Brian McGuinn waded through a sea of more than nine tons of garbage. He came to the dump because just days before, he accidentally threw away his wife’s $10,000 diamond engagement ring.
Brian needed to find that diamond ring. It was a symbol of his marriage, of his love for his wife, and of their promise to share the rest of their lives with each other.
While many cultures take it for granted that these expensive rings are symbols of everlasting love, the true history of diamond rings is less about love and more about an outdated idea of purity and economics. In the early 20th century, diamonds were more like a security deposit than a token of love. Some even referred to diamond rings as “virginity insurance.”
Imagine being a woman in the early 1900s. At that time, premarital sex was frowned upon. But at the same time, for people engaged to be married, sex was still commonplace, even though the idea of virginity as desirable was still part of the culture.
Most women in those days didn’t have the opportunity to make money on their own, so they relied on a husband for financial support. This put the woman in a predicament. If she gave her virginity to her fiancé, and then he left her before the wedding, some people might consider her damaged goods.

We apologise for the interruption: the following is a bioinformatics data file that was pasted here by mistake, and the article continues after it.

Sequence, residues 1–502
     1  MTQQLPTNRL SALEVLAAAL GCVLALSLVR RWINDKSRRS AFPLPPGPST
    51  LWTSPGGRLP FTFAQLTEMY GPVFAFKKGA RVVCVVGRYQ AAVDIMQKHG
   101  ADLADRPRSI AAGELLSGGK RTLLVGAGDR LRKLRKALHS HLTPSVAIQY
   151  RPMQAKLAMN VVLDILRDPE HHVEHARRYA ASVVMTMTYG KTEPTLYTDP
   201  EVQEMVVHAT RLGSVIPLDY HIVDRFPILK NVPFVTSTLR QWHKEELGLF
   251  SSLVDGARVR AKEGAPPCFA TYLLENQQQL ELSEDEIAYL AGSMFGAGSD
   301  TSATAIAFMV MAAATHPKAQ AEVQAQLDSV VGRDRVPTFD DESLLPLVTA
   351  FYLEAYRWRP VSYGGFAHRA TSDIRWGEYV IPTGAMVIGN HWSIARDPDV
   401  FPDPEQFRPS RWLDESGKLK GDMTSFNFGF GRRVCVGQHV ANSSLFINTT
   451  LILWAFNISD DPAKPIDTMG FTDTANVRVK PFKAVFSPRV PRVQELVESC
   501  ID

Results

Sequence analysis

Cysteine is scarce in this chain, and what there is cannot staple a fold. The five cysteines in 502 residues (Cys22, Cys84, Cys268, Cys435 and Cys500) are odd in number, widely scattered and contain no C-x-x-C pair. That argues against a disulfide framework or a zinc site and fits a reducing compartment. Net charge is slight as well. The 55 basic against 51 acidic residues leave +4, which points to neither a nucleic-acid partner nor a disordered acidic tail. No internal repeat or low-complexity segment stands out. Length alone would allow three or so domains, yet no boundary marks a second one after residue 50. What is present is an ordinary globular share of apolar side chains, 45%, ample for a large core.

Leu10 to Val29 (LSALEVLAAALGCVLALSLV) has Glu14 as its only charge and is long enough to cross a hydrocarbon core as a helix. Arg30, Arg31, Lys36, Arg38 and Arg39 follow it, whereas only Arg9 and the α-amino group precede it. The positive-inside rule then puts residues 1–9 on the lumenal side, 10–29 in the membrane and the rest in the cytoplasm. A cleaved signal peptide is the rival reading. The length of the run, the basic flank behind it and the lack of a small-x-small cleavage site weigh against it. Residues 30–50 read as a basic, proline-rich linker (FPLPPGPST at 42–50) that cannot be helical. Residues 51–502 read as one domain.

To help keep women from being left high and dry before marriage, a law was put in place called “Breach of Promise to Marry.” This law allowed women to sue men for breaking off an engagement.
By the 1940s, this law was largely unenforced. At the same time, diamond ring sales began to surge. According to some economists and legal scholars, the less the law was enforced, the more diamond ring sales grew.
Basically, men began giving diamond rings as a type of insurance. If the man backed out of the marriage, the woman was compensated for the damage done to her reputation by keeping the valuable diamond ring.
To Brian’s relief, he did eventually find the ring, even though it was covered in sludge. While for Brian the ring was an important symbol of his love for his wife, the true history is based on an outdated idea about purity, virginity and the worth of women. What do you think? Is the diamond engagement ring a sexist tradition that needs to be put to rest? Or is it a romantic tradition that should continue?
from Deep English » Blog http://deepenglish.com/2016/02/diamond-ring-insurance/